But the problem for the Tories is this: being around 40% leaves precious little room for error if they want to get a Parliamentary majority at the next election. And if David Cameron falls short of 326 seats – or only just gains a majority – he’s going to find the combination of dashed expectations and a deeply right-wing parliamentary party incredibly hard to manage.
Labour: well, for the second month running, Labour’s poll average is up – albeit from the dreadful lows of August’s 25% rating. Can they sustain it? The fact that they are finding it so hard to climb above 30% will worry the party, especially given the difficulty Labour has experienced in recent elections in turning out their vote. True, the Tories are below where Tony Blair was at this stage of the 1992-97 Parliament – but Labour is even further behind where John Major’s Tories were.
Lib Dems: after September’s heights of 20% – one of the party’s best September poll averages in its history – it’s back to reality this month, with the party slipping to 18%. It was almost certainly inevitable once the media focus moved away from the Lib Dem conference and over to the other parties, but still it’s a shame we couldn’t sustain it just a little longer.
That said, 18% is one of the party’s stronger October ratings – in October 1996, for example – prior to the ‘97 election – the Lib Dems were at just 14%. In October 2000, we were at 17%. We were, of course, higher in October 2004, at 22% – but, then, that was the one occasion when we failed to poll higher at the following election.
The party leaders: YouGov asked its ‘Do you think (name) is doing well or badly as (position)?’ question a number of times in October. The questions asked by Mori (’Are you satisfied or dissatisfied with the way X is doing his job as Y?’) and Angus RS (’Do you approve or disapprove of X’s performance as Y?’) are subtle variations, but each produces slightly different outcomes. Below are the results for the party leaders.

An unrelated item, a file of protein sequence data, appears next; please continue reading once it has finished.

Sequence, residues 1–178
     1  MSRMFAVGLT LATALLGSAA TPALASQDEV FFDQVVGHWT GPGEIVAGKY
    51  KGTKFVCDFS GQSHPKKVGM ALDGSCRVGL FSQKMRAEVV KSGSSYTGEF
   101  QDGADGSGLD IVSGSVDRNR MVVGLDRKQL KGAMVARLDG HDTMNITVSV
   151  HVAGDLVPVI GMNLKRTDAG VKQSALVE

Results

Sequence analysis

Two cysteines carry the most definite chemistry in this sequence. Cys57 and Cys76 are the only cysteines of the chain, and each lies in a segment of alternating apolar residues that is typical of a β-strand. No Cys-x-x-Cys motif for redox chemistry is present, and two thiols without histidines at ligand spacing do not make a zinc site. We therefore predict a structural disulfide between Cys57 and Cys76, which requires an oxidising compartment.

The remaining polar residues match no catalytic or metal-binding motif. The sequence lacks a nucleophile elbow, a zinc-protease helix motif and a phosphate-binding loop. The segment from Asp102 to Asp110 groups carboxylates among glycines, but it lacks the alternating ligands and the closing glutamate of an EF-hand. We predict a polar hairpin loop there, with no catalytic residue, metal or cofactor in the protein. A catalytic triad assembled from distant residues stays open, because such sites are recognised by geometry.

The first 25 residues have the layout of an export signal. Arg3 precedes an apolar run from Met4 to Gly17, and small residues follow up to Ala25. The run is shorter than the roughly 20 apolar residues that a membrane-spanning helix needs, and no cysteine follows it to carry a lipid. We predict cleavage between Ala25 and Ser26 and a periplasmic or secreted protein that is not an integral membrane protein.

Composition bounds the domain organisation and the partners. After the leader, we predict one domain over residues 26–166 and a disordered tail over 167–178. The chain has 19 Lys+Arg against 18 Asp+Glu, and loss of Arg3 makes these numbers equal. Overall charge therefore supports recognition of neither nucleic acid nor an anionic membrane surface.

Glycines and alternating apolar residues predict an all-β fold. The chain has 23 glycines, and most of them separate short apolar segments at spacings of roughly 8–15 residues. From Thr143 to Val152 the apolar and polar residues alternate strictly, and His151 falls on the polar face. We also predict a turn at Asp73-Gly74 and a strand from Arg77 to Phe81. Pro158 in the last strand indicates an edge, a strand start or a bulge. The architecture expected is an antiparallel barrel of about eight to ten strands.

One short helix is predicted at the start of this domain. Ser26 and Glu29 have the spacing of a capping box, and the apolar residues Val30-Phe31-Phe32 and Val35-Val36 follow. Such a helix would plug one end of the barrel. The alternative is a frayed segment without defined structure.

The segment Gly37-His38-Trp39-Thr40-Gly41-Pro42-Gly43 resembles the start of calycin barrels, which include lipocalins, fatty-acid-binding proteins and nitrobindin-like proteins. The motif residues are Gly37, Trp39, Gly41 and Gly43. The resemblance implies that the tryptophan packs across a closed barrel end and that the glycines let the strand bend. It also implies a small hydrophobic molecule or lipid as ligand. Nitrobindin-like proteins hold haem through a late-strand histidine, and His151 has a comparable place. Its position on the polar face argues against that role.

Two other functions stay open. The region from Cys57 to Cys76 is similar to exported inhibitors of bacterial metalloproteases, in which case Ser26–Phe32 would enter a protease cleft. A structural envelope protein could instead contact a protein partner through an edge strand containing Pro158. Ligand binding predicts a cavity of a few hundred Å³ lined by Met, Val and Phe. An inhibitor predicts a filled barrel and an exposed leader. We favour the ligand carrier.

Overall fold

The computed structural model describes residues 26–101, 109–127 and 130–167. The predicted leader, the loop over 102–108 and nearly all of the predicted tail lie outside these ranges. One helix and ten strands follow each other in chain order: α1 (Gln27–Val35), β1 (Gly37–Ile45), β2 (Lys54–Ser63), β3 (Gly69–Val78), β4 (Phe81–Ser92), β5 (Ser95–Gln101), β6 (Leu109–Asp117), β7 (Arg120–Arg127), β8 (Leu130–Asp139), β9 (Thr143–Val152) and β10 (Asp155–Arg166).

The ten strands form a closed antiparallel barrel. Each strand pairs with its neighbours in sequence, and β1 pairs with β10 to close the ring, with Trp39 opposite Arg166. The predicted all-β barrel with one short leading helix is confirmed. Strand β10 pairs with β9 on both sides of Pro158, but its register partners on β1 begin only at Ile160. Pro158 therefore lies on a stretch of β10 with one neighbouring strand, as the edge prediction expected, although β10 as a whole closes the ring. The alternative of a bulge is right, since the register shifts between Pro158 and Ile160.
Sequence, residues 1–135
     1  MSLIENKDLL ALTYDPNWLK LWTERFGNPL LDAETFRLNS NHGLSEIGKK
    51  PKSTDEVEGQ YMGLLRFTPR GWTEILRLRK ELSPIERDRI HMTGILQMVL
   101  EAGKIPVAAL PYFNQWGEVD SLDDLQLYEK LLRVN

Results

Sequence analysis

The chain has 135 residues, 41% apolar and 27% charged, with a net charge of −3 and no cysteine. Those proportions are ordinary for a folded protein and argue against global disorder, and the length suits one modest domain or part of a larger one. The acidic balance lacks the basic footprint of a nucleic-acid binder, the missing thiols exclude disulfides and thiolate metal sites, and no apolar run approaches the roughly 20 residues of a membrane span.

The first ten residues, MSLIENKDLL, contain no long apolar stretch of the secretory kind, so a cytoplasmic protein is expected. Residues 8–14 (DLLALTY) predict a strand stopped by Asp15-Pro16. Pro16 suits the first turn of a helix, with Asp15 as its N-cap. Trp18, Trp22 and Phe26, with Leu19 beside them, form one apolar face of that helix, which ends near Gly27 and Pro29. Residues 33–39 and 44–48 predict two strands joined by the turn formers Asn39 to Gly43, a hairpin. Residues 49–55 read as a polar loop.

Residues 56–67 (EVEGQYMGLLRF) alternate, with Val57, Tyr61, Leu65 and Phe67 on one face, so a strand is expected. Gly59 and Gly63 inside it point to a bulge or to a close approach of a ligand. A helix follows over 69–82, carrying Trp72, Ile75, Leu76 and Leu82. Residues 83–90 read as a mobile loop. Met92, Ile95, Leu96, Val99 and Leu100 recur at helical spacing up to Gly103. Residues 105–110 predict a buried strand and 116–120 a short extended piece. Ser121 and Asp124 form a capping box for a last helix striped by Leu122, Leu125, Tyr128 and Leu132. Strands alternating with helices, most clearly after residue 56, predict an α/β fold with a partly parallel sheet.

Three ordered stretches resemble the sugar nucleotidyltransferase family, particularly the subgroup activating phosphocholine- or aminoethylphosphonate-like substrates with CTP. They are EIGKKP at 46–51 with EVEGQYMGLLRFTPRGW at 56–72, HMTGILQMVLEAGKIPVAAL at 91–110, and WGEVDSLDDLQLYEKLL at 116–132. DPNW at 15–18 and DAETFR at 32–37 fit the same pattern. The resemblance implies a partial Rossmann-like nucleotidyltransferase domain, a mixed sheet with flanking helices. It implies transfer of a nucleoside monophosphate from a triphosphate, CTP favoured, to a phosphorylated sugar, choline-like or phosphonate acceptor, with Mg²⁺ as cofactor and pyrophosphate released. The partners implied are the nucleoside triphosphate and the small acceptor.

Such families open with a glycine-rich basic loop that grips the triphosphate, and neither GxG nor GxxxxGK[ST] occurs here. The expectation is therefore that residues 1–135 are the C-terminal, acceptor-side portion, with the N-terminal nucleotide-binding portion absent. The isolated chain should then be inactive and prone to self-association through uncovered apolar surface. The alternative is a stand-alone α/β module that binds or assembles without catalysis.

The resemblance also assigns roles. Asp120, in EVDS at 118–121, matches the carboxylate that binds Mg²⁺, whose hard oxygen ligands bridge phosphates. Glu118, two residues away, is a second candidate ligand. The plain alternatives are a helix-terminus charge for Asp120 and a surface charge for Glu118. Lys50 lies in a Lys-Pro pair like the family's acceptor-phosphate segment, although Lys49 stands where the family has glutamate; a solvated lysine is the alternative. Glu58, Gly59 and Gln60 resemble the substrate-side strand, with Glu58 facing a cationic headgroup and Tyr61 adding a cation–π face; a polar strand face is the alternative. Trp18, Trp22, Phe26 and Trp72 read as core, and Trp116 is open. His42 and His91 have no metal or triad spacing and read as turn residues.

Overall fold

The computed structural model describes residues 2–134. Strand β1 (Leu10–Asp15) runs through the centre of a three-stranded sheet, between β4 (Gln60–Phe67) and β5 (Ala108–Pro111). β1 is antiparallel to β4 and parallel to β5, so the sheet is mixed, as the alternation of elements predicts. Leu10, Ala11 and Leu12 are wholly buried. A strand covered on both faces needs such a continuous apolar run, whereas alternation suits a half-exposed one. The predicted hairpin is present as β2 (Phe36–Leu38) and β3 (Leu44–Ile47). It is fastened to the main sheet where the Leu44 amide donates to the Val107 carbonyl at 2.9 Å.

Nick Clegg: YouGov (5 Oct) – Clegg 48-27 (+21%); YouGov (10 Oct) – 29-17 (+12%); YouGov (18 Oct) – 44-31 (+13%); Mori (20 Oct) – 44-27 (+17%); Angus RS (20 Oct) – 40-28 (+12%).
Gordon Brown: YouGov (5 Oct) – Brown 28-66 (-38%); YouGov (10 Oct) – 21-60 (-39%); YouGov (18 Oct) – 28-67 (-39%); Mori (20 Oct) – 32-62 (-30%); Angus RS (20 Oct) – 26-65 (-39%); YouGov (27 Oct) – 21-70 (-49%).
David Cameron: YouGov (5 Oct) – Cameron 54-34 (+20%); YouGov (10 Oct) – 52-18 (+34%); YouGov (18 Oct) – 58-31 (+27%); Mori (20 Oct) – 49-34 (+15%); Angus RS (20 Oct) – 53-28 (+25%); YouGov (27 Oct) – 53-28 (+25%).
Nick slipped a little from his immediate post-conference high, though is still producing pretty positive ratings according to all the polling companies. Indeed, according to Mori, Nick is once again the most popular of all three major party leaders. Gordon Brown surely cannot plumb lower depths than these? His best performance is a staggering -30% deficit. Meanwhile David Cameron’s personal ratings remain solidly positive, generally in the 20%s, with a slight spike immediately after his conference speech – though Mori continues to peg his popularity in the teens.